Every family has their own traditions when it comes to how they celebrate Christmas Eve, but those who grew up in Italian-American households likely only know of one tradition—the Feast of the Seven Fishes.

The Feast, also known as Festa Dei Sette Pesci, is a Christmas Eve tradition that has become popular in many households.  The tradition is surprising not well known amongst all Italians because the different regions of Italy all have different traditions when it comes to their Christmas Eve, or Cena della Vigilia, dinners. It is believed to have started in the Southern regions of the country, before truly gaining its popularity in America.

The feast gained in popularity in the 1900s, as Italian-American families attempted to rekindle the traditions of the Old Country into their holiday meals, according to Eataly. That eventually evolved into the feast as it is known today.

The tradition of eating fish for the holiday stems from the Roman Catholic custom of abstaining from meat and dairy products ahead of the birth of the baby Jesus on Christmas Day. Since meat is not eaten during the fast until Holy Communion is received during Midnight Mass, Italians then began indulging in seven different types of fish as a substitute.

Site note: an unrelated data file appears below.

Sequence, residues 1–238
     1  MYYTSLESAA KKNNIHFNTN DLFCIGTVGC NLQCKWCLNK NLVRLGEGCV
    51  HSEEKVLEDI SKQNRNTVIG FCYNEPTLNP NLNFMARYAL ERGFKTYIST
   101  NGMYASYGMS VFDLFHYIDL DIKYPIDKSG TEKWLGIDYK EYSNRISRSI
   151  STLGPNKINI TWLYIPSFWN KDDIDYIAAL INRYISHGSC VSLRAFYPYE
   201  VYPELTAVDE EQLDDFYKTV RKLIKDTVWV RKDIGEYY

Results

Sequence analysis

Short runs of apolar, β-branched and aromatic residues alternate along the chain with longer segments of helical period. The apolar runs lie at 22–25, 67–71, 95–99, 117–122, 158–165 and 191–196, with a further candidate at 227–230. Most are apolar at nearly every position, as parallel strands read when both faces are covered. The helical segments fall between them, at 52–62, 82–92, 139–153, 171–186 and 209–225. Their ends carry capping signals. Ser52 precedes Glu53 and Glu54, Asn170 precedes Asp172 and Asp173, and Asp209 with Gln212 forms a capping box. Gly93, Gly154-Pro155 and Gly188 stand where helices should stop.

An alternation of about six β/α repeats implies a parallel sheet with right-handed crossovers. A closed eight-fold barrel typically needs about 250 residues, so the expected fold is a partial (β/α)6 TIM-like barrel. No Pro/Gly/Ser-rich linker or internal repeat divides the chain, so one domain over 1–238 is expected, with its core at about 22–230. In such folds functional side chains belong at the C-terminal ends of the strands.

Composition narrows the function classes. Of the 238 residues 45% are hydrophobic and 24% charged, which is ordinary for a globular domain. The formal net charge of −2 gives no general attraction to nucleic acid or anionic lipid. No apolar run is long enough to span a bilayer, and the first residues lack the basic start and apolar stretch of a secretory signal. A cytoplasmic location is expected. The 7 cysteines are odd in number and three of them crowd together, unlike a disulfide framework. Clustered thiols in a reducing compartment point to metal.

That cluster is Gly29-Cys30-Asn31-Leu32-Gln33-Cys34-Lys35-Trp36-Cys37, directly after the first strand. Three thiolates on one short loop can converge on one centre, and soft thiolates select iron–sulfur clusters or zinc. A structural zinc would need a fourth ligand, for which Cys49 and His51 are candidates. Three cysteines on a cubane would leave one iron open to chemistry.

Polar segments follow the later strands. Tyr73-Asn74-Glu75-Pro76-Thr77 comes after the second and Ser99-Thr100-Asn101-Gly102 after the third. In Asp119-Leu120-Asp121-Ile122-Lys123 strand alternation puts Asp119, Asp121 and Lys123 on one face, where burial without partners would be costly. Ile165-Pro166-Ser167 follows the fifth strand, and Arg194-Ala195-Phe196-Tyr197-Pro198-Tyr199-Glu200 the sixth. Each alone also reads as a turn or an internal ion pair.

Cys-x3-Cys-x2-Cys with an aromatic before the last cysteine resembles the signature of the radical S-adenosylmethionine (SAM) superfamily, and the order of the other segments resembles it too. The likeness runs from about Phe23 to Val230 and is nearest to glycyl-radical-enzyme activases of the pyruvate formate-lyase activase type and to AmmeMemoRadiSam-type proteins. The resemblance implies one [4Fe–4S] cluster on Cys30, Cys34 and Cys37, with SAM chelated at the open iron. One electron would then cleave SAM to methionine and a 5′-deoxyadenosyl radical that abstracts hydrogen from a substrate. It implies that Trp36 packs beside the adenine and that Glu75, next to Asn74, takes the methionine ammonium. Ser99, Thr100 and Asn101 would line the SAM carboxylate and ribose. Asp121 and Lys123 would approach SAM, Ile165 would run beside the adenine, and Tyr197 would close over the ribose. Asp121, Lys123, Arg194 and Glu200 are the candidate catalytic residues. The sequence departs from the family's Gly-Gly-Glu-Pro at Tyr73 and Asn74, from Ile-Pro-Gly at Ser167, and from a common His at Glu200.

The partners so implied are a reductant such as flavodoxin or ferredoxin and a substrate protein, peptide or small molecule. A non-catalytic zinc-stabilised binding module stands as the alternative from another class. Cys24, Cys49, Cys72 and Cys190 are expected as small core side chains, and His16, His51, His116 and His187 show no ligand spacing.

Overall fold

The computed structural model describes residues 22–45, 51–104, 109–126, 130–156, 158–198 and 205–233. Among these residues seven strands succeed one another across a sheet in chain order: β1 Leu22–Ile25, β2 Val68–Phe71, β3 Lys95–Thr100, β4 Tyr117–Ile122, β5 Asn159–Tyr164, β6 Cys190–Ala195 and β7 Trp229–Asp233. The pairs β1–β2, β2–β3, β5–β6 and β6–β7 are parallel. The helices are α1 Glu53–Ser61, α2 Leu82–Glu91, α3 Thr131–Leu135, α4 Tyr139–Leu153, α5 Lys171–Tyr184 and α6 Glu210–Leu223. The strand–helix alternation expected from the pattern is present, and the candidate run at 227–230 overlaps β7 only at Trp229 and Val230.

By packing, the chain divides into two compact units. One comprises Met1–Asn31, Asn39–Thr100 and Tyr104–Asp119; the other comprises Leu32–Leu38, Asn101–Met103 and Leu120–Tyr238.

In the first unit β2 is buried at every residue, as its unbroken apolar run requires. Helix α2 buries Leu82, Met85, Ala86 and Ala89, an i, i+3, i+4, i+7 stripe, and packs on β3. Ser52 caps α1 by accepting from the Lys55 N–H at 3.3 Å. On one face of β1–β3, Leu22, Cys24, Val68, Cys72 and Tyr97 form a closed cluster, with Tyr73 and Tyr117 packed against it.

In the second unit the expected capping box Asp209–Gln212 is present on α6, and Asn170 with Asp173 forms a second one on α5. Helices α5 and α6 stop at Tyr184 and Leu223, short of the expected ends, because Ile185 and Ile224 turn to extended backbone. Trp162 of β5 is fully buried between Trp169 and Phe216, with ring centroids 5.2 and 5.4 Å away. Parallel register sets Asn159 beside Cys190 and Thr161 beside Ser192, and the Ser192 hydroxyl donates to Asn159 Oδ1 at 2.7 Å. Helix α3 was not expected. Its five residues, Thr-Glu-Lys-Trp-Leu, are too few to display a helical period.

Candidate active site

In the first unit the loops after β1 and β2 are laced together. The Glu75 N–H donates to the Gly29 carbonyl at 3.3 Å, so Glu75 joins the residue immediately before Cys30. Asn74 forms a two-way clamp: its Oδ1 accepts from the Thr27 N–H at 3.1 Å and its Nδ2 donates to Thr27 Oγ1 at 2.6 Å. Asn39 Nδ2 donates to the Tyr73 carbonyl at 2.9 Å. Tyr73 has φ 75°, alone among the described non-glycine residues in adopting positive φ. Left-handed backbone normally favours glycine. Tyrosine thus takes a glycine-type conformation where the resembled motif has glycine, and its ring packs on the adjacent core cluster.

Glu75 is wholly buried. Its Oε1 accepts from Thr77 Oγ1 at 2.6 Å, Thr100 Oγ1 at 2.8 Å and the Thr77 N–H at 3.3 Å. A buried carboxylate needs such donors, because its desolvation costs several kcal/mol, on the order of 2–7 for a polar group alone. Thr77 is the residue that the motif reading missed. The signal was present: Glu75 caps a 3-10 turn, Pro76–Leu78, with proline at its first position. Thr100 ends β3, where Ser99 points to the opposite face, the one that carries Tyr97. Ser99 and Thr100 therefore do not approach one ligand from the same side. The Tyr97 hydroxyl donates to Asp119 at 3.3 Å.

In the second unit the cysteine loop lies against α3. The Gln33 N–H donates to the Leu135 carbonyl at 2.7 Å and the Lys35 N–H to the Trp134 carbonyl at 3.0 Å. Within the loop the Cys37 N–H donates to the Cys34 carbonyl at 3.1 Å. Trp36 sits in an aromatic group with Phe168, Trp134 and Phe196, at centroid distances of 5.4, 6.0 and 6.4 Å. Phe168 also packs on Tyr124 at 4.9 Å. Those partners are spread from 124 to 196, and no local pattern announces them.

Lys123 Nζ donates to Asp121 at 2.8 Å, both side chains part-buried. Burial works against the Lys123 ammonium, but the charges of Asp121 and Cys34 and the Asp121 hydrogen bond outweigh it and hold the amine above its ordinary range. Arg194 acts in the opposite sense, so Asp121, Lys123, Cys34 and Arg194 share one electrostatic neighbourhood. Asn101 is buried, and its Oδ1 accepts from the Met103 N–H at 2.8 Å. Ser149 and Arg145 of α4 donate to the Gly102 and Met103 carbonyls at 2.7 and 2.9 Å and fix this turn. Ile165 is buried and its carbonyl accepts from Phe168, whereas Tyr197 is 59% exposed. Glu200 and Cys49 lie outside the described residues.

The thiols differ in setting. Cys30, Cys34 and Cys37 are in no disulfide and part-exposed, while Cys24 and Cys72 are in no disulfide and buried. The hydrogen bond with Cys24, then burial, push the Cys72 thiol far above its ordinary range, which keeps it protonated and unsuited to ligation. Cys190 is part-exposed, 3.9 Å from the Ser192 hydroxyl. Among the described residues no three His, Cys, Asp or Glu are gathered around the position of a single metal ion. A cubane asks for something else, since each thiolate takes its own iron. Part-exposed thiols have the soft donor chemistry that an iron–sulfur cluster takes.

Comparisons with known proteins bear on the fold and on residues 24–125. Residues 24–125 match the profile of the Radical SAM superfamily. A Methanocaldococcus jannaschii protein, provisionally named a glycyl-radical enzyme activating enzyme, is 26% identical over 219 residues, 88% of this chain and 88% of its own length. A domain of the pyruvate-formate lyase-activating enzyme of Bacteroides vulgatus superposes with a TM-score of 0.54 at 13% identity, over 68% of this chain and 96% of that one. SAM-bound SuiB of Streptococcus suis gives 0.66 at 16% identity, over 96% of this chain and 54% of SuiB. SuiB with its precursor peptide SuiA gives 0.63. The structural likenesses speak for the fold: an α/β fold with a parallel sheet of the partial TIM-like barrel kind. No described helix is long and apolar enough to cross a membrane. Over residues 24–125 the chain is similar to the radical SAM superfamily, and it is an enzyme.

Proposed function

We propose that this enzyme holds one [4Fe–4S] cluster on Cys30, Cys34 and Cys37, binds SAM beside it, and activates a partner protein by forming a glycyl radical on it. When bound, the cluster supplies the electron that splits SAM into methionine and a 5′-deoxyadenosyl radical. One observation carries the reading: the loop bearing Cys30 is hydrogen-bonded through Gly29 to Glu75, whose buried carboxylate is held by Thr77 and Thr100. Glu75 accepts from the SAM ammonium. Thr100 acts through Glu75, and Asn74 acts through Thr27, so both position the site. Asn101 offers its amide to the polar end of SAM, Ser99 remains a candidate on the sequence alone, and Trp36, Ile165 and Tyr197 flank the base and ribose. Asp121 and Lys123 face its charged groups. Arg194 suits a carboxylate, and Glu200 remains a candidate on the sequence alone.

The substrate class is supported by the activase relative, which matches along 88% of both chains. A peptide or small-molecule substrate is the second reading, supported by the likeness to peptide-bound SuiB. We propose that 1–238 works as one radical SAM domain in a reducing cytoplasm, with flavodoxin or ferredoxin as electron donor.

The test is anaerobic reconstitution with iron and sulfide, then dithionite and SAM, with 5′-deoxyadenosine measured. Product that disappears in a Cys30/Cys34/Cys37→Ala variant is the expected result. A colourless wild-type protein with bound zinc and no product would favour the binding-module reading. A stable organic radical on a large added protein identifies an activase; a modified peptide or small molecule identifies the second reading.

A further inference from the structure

As for why the number is predominately seven, it is tied to symbols of Catholicism, though it’s unclear what exactly it represents. Some believe the fish represent the seven deadly sins, the seven days it took for God to create the earth, the seven sacraments or the seven virtues of Christian theology.

As for the menu that is offered for the feast, it varies from household to household, and there are no set rules for the kinds of dishes served. However, according to Bon Appetit, for those who are looking for some guidance while preparing their feast, there is some organization to the courses.

According to the magazine, the courses should include one that features a more snack-friendly dish, a nice salad, a hearty grilled dish, a pasta dish with seafood and a seafood stew.